[32] Studwell, J. (2013). How Asia works: Success and failure in the world’s most dynamic region. New York, NY: Grove Press.
[33] Transparency International (2011). Bribe payers index 2011.
[34] Trebilcock, M. J., & Prado, M. M. (2012). What makes poor countries poor? Institutional determinants of development. Cheltenham, UK: Edward Edgar.
[35] Wang, J. Y. (2012). Company law in China: Regulation in business organizations in a transition economy. Cheltenham, UK: Edward Edgar.
[36] Wihlborg, C. (2002). Insolvency and debt recovery procedures in economic development: An overview of African law. Discussion Paper No. 2002/27, UNI/WIDER.
[37] Willebois, E. D., Halter, E. M., Harrison, R. A., Ji, W. P., Park, W., & Sharman, J. C. (2011). The puppet masters: How the corrupt use legal structures to hide stolen assets and what to do about it. Washington, D.C.: The World Bank.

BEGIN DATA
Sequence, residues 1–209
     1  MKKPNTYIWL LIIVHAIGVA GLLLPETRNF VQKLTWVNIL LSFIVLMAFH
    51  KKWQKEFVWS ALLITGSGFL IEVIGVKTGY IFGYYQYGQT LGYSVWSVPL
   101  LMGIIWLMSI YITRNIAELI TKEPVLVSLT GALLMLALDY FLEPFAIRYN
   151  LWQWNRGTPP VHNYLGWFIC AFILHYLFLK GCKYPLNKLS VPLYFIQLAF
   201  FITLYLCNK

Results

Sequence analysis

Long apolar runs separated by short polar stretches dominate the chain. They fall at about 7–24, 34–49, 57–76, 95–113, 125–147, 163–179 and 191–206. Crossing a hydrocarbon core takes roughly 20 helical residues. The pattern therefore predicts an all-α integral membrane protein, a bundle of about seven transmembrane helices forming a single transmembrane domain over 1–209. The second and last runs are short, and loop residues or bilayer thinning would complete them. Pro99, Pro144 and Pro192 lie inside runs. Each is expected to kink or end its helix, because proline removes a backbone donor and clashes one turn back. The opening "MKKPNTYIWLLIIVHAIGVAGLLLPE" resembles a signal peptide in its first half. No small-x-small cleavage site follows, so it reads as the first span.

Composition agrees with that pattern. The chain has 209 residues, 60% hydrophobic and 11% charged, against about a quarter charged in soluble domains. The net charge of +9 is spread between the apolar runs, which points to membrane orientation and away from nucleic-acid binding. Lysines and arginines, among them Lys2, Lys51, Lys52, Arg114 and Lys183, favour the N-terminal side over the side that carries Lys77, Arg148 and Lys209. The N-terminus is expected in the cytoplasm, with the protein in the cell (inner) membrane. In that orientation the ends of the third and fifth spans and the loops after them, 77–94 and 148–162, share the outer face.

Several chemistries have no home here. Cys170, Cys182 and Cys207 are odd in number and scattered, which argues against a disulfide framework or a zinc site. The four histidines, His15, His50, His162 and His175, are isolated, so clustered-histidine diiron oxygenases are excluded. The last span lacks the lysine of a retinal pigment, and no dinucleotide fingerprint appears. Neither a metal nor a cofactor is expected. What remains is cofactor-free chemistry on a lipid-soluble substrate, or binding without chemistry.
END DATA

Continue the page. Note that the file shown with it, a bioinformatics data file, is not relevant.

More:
[38] World Bank (2011). China 2030: Building a modern, harmonious, and creative high-incomesociety. Washington, D.C.
[39] World Bank (2002). World development report: Building institutions for markets. Washington, D.C.
[40] Yelpaala, K. (2006). In search of a model investment law for Africa. Law for development review. Africa Development Bank, 1, 1-75.
[41] Zhu, W. (2009). OHADA: As a basis for Chinese investment in Africa. Recuit Penant, 119, 869.
[42] Zhu, W. (2011). Arbitration as the best option for the settlement of China-African trade and investment disputes. The Centre for African Laws and Society, Faculty of Law, Xiangtan University, Hunan Province, PRC; Paper presented at the Workshop on Africa-China Relations: Towards Sustainable Chinese Investment in Africa, The University of Hong Kong, School of Humanities, African Studies Programme.

Copyright © 2023 by authors and Scientific Research Publishing Inc.

Creative Commons License

This work and the related PDF file are licensed under a Creative Commons Attribution 4.0 International License.